Tuesday, February 28, 2012

The Need for Cross-Team Knowledge in a CRM Implementation

Plumb Bob In Janus Head 
If you have never implemented a fundraising database before – or even if you have - it can be difficult to apply the workings of a new software package to your fundraising, CRM and charity's ‘business’ requirements. The database supplier will of course have their views, knowledge and experience and some of your charity’s staff might have similar know-how, but there is a real risk that you won’t be able to apply all this joint knowledge to create what you really foresaw when you purchased the new system.

Why? Because to implement a new CRM system takes more than just "knowing the software" - you need to understand and to be able to apply the software to a charity's requirements. And yet it takes more than just "knowing what the charity needs" - you need to be able to envisage how the charity's data and processes can be set-up in a database software package and how that can bring the benefits they envisaged. It obviously helps to have people from both sides of the spectrum on a project team, but without clear leadership on the project, without direction, you as the client may not end up with what you really want.

So, enter The Bridger.

A Bridger is somewhat of a specialist (and sadly a rare person): someone who understands and can speak not only "technology-talk" but "business-talk" too, and who can sit between and communicate between the two ‘sides’ of such an implementation. i.e. someone who knows about databases and technology but who is equally at home in talking to a major donor fundraiser or direct marketer. As such, these people can really help in a new fundraising/CRM database implementation.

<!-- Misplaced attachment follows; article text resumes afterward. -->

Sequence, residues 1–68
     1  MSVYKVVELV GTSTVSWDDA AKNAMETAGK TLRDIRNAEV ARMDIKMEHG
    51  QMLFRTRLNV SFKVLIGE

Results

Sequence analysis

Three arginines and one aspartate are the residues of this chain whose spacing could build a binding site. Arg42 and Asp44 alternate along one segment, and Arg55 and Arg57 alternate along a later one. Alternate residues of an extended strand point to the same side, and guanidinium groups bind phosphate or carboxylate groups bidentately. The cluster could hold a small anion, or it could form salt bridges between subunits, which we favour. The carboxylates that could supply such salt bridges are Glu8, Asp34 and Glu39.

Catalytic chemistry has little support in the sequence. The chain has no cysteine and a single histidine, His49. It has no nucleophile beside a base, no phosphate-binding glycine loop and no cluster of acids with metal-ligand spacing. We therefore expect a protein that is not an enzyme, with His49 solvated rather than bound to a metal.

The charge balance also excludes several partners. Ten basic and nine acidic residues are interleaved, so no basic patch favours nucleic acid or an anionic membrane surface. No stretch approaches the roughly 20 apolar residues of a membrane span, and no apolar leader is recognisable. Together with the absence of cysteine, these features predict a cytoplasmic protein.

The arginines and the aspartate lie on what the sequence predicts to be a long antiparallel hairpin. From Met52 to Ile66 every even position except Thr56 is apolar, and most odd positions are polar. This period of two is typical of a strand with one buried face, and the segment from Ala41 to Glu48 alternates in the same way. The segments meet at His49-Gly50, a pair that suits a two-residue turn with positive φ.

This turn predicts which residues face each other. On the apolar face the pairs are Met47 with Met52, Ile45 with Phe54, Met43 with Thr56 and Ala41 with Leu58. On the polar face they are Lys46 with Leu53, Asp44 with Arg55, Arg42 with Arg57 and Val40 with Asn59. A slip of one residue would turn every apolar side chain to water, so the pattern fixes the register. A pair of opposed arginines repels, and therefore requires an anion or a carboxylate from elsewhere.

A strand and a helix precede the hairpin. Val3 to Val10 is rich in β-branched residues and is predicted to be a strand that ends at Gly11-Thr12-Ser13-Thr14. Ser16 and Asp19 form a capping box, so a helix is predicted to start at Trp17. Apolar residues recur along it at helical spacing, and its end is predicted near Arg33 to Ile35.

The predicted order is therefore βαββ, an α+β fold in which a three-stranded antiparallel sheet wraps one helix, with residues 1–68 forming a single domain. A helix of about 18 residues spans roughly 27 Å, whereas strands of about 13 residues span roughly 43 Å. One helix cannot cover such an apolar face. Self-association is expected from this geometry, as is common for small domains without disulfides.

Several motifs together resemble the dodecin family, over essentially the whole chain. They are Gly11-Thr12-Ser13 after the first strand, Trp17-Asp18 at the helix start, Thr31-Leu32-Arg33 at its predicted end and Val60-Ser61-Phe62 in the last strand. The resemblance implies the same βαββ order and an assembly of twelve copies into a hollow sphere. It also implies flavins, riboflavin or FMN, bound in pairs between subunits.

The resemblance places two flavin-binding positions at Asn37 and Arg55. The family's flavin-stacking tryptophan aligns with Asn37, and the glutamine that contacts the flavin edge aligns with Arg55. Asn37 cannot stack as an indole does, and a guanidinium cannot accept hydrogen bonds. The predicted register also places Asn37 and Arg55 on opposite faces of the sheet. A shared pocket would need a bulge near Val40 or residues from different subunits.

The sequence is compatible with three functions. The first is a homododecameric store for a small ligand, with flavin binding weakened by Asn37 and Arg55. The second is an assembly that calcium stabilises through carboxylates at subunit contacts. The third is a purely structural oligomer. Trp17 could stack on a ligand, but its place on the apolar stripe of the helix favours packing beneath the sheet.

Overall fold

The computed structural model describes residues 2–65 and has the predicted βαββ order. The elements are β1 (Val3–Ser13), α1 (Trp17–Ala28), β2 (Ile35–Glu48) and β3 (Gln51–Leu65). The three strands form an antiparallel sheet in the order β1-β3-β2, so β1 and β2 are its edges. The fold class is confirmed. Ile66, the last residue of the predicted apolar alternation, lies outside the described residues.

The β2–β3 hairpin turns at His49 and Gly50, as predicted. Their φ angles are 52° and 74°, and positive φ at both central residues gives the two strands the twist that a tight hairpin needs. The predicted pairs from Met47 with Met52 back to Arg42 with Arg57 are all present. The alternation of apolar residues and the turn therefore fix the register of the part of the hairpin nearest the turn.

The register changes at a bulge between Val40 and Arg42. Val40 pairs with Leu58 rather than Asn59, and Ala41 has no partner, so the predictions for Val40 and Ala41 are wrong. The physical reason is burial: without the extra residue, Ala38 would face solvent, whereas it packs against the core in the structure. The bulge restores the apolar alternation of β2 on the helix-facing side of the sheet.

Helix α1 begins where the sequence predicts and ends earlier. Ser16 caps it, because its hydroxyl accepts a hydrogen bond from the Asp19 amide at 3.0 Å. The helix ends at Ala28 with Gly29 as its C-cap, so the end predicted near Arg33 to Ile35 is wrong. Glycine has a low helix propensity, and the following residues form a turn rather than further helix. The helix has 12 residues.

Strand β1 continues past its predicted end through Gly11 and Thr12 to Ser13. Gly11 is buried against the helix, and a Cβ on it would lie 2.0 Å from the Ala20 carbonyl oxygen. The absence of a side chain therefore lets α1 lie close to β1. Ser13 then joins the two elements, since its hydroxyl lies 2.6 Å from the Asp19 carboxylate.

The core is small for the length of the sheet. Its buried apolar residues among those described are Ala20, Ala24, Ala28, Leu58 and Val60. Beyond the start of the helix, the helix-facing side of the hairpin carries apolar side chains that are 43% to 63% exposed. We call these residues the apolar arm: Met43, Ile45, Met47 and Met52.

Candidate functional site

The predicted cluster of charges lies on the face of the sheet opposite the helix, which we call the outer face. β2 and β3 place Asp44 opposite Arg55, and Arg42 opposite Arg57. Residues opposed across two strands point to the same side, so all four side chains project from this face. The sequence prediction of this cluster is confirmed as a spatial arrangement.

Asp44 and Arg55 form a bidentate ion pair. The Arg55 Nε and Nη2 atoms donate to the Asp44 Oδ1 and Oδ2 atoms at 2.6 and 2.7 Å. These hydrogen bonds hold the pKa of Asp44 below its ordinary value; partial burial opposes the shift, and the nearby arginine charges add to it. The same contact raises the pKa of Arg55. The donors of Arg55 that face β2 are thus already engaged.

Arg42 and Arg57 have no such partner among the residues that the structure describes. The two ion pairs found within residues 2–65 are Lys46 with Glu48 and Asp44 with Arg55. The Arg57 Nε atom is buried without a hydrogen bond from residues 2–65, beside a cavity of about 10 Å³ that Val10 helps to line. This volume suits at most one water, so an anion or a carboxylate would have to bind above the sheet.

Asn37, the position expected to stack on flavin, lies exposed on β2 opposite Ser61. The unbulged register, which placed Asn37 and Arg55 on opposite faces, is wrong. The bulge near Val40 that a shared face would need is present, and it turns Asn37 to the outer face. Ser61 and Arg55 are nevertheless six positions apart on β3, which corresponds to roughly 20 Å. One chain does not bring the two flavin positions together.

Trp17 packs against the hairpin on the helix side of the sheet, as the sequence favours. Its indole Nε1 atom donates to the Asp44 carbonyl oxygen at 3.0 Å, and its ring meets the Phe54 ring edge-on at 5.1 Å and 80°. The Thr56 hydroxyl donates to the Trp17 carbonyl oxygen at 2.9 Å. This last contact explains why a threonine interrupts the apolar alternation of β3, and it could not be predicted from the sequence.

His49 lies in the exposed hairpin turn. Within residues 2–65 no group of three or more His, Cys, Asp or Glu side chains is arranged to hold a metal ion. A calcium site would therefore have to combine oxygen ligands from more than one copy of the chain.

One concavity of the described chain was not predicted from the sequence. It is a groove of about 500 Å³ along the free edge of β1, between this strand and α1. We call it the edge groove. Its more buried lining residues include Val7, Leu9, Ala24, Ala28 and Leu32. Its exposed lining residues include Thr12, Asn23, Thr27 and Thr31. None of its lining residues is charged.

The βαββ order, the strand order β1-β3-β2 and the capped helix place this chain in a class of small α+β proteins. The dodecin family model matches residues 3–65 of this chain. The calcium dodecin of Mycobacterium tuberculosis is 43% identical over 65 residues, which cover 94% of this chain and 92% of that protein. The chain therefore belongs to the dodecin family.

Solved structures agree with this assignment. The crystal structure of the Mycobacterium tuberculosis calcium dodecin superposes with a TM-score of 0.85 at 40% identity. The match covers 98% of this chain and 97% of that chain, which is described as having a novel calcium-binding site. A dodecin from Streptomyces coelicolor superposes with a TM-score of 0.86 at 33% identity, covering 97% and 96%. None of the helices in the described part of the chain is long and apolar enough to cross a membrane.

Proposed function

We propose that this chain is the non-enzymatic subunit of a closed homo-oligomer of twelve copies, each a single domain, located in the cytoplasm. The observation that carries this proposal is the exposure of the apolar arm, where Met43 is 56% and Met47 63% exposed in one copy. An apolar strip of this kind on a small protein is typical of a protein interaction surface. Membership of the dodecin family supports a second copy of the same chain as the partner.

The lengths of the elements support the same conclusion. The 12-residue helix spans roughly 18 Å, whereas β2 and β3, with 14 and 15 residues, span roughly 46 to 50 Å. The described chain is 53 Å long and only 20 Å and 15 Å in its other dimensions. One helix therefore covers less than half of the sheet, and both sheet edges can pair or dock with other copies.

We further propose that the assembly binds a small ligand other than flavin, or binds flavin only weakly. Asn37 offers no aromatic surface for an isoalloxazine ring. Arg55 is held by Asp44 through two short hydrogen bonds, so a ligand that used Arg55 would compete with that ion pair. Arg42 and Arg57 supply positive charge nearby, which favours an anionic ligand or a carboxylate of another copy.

Interestingly, with the recent rise of the more generic CRM systems (i.e. Salesforce, CRM Dynamics etc), such expertise is probably more important now than ever before.

Over the past 10-15 years, dedicated fundraising packages have ruled the roost, and as such, one of the great things about them was that they provided good structure and a solid approach to implementing your fundraising requirements in their software. Equally, many such suppliers employ ex-fundraisers or individuals who have great experience in this area, so when they work with charities they can supply great input. (The downside of such “software structure” may of course have been lack of flexibility but that’s another question…)

But now, resellers of systems such as Salesforce, CiviCRM, Microsoft CRM and others can (probably) quite honestly say, we can configure and adjust our software in ways in which you haven’t been able to before - so tell us what you want and we can do it. (At a cost of course…)

But with that, comes the downside of flexibility and choice: how do I, as a charity user, know what I want if I haven’t done it before or had the opportunity or exposure before to other similar implementations? How can I take my business/fundraising requirements and ensure these new systems can give me what I want in the best way possible? Even more so if one considers that some/many of the resellers of these "newer" CRM systems will have less/minimal experience of fundraising and/or of implementing the systems at other charities.

It is like Donald Rumsfeld's famous quote about the known knowns and known unknowns etc. i.e. If you don't know what you can do, then how can you be sure you aren't missing out on some benefits? A dedicated fundraising database gives you some reassurance over this, but a generic CRM system may not.

My advice: have an in-house person, or bring in an in-house contractor/consultant/project manager, to be involved with and help manage - in particular - any significant generic CRM implementation. This means having someone with experience of doing that before so that they know what can be done and what you can benefit from.

That said, they need to be someone who is more than just an interlocutor. They need to be an integral part of the project team with a defined role showing clear benefits - otherwise they are just a luxury, which clearly in the charity sector is not what we want. So they probably need cross-skills in project management, client management or similar.

So: re-enter The Bridger. I think they'll become an ever-increasingly essential part of all such projects.

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